Gregory Berns, a neuroscientist from Emory, looked at dogs’ brains in an MRI after having them sniff a cloth in their owners’ scents. He found that the dogs’ caudate nucleus showed activity associated with emotional attachment.
Another study from the University of Vienna found that when training two sets of dogs to give their paw and rewarding only one of the dogs with a treat, the dog who doesn’t receive a treat stops participating. This shows how the dog exhibits jealousy.
How Dogs Show Their Intelligence
Dogs have multiple different ways to show their intelligence, such as:
- Showing empathy for their owners and family members
- Making eye contact with humans
- Forming connections and bonds with humans
- Understanding subtle cues and gestures
- Responding to the emotional sound in a human voice
- Learning language skills and hundreds of words
- Applying their knowledge to similar situations, which is common among guide dogs
A primary type of empathy that dogs show is expressed in one study that found dogs may yawn after their owners yawn in their presence. Dogs are often attuned to their owners’ emotions, and they are more likely to change their behavior based on that emotion.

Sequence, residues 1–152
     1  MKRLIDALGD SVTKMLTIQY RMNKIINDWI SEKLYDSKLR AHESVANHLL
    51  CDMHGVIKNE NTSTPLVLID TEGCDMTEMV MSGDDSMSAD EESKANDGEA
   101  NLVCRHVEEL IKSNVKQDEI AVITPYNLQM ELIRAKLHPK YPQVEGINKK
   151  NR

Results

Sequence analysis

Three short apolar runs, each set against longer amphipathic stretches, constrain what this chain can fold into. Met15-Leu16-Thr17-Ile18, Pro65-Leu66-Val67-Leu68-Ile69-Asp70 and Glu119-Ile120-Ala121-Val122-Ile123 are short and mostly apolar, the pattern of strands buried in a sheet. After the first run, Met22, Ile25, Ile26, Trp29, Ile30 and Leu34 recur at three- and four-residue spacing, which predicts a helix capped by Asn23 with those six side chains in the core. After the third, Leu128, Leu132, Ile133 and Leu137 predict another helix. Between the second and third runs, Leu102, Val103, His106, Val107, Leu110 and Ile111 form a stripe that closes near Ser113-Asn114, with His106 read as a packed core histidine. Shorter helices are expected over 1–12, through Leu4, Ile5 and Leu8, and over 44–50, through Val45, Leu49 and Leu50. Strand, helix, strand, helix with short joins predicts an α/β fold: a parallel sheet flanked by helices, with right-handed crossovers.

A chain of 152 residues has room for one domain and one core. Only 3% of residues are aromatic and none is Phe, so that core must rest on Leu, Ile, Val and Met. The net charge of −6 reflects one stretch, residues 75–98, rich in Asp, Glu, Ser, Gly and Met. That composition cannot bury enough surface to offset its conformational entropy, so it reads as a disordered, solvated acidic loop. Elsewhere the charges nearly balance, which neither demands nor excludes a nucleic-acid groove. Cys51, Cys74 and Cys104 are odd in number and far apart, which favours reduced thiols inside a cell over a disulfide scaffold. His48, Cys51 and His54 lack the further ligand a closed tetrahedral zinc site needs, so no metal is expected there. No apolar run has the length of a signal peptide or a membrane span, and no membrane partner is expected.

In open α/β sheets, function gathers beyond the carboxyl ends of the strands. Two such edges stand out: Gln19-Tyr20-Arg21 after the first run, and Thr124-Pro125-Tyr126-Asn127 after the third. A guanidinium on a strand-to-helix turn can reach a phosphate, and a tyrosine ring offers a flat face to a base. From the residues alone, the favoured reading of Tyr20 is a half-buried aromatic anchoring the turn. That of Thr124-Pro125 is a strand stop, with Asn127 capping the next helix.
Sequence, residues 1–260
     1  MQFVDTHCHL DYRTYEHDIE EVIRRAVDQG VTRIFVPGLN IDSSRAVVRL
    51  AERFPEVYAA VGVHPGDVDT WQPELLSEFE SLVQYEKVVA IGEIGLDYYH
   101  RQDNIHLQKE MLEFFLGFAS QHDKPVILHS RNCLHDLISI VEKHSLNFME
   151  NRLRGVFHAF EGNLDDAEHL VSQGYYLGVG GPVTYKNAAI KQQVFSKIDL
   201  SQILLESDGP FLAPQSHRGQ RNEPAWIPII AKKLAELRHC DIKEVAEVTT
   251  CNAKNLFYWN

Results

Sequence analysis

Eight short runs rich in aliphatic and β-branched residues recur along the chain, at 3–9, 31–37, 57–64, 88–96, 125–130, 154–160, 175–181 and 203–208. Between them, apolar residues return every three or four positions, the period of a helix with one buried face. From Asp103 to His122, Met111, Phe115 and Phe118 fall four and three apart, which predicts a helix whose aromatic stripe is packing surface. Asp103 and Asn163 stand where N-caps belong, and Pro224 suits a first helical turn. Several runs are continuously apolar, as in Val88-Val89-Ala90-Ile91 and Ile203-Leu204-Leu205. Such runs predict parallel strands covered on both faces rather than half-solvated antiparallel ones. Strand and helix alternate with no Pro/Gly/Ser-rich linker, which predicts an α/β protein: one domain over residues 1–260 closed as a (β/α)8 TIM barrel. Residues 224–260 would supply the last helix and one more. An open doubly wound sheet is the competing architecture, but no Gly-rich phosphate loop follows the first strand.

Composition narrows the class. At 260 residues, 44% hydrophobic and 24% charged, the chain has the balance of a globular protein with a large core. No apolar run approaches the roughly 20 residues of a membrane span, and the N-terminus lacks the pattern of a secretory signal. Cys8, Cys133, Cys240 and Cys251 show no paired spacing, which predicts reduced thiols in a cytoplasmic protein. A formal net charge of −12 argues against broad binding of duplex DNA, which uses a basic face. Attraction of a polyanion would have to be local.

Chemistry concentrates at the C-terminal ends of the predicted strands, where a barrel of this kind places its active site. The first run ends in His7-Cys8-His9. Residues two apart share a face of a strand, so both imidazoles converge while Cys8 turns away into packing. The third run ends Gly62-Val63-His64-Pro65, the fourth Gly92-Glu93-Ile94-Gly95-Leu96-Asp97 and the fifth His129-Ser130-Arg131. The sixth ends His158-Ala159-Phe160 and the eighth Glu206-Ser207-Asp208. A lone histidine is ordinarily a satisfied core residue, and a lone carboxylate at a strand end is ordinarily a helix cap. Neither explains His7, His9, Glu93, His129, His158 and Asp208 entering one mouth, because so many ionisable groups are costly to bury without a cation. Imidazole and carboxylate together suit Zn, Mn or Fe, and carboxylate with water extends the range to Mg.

I’ve seen my pups try to play with me and cuddle up next to me whenever I’ve had a bad day. Furthermore, dogs are some of the only primates to look humans in the eyes and not misinterpret it as a sign of hostility. Eye contact also facilitates dogs’ bonding and connecting better with their owners and other humans.
If you play catch with a dog and point at the ball, they’ll understand your hand gesture and look in that area for the object. Even subtle cues, like where you position your gaze, may get a dog to go looking in that direction.
The most intelligent dogs can also learn more than 200 words. Furthermore, MRI scans of dog brains show that their brains respond to human voices, especially emotional sounds like crying or laughter.
The Potential Limits of a Dog’s Intelligence
Despite the typical dog’s strong level of intelligence, there are certain limits to their smarts. Some researchers believe that, since dogs are so well-attuned to human emotion and behavior, this may lead us to overplay their level of intelligence.
Even though dogs can understand some of our actions, they don’t necessarily understand the entire meaning behind human behaviors. Dogs do not necessarily see the world in the same way that humans see everything around them.
For instance, dog owners often think they know when their dogs misbehave when left alone based on a guilty look they give. However, one study looking at dogs in which owners chastised them for bad behavior showed that there was no difference in the “guilty” look of dogs who behaved well and those that misbehaved.